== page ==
Children cleaning Swiss classrooms divides opinion

Less commercial cleaning meant pupils and teachers had to pitch in and help keep the school clean. Commercial cleaners continued to clean toilets, bathrooms and floors.

The move sparked no controversy at the time, according to the municipality’s mayor. However, since then some teachers and parents have voiced opposition to children and teachers doing cleaning work. Some parents think it’s not right for pupils to spend time mopping or cleaning windows.

At the same time some still support including children on the cleaning roster. Prilly’s mayor, Alain Gillièron, pointed out that school cleaning wasn’t singled out for budget cuts. The cost cutting was applied to all spending. In addition, Gillièron, a former teacher, thinks the exercise has educational value.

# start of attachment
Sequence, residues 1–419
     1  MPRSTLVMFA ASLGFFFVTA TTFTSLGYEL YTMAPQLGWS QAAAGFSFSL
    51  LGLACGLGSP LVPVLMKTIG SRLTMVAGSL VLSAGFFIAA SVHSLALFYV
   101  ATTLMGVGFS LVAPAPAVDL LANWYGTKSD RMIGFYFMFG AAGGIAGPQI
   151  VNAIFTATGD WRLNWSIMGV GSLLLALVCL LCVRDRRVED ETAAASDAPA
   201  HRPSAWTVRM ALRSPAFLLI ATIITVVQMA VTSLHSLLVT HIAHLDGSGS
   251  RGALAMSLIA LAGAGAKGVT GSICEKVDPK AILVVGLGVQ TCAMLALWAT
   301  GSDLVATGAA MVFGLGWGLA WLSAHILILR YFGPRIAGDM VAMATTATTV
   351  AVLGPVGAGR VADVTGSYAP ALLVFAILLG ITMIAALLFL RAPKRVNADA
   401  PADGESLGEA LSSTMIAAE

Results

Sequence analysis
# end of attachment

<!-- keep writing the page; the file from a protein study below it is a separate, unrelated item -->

Involving children in school maintenance tasks is nothing new in some places. In Japan it is commonplace. There they believe that school is not just for academic learning but also for teaching children how to become members of society and to take responsibility for themselves.

Some schools in the US have experimented with the idea too, according to NPR. At Brentwood Academy in Tennessee, school cleaning is part of the daily routine. Students at the private school spend the first 10 minutes of every day cleaning. The school’s management views cleaning as part of the mission of educating the whole person. Susan Shafer, the school’s director of communications, said “We’re trying to train them for life. They’re all going to go to college. No one is going to clean their dorm room for them.” Another member of the staff said “They’re not only trying to keep the place clean, but they’re also trying to build character in each student.”

In addition, some schools with pupil cleaning programmes report higher levels of respect for school property. It’s difficult to get away with littering in front of your classmates if they’re doing the cleaning up.